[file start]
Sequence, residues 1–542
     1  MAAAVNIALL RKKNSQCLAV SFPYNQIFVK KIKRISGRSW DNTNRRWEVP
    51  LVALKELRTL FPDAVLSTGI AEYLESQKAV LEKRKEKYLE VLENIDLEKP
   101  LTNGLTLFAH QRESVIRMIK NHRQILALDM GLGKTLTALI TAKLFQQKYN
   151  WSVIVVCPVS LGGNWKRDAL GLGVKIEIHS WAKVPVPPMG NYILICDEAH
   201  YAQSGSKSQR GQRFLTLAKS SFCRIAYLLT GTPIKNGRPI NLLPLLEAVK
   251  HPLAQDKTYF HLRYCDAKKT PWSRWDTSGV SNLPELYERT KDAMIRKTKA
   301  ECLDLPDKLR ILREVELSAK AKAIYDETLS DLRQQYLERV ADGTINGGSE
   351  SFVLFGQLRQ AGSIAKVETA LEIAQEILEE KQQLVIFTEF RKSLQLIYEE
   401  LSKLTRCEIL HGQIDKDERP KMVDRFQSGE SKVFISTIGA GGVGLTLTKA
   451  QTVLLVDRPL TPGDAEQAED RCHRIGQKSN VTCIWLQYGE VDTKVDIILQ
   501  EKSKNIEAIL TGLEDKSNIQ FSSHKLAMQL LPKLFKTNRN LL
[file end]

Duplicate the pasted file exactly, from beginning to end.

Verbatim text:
Sequence, residues 1–542
     1  MAAAVNIALL RKKNSQCLAV SFPYNQIFVK KIKRISGRSW DNTNRRWEVP
    51  LVALKELRTL FPDAVLSTGI AEYLESQKAV LEKRKEKYLE VLENIDLEKP
   101  LTNGLTLFAH QRESVIRMIK NHRQILALDM GLGKTLTALI TAKLFQQKYN
   151  WSVIVVCPVS LGGNWKRDAL GLGVKIEIHS WAKVPVPPMG NYILICDEAH
   201  YAQSGSKSQR GQRFLTLAKS SFCRIAYLLT GTPIKNGRPI NLLPLLEAVK
   251  HPLAQDKTYF HLRYCDAKKT PWSRWDTSGV SNLPELYERT KDAMIRKTKA
   301  ECLDLPDKLR ILREVELSAK AKAIYDETLS DLRQQYLERV ADGTINGGSE
   351  SFVLFGQLRQ AGSIAKVETA LEIAQEILEE KQQLVIFTEF RKSLQLIYEE
   401  LSKLTRCEIL HGQIDKDERP KMVDRFQSGE SKVFISTIGA GGVGLTLTKA
   451  QTVLLVDRPL TPGDAEQAED RCHRIGQKSN VTCIWLQYGE VDTKVDIILQ
   501  EKSKNIEAIL TGLEDKSNIQ FSSHKLAMQL LPKLFKTNRN LL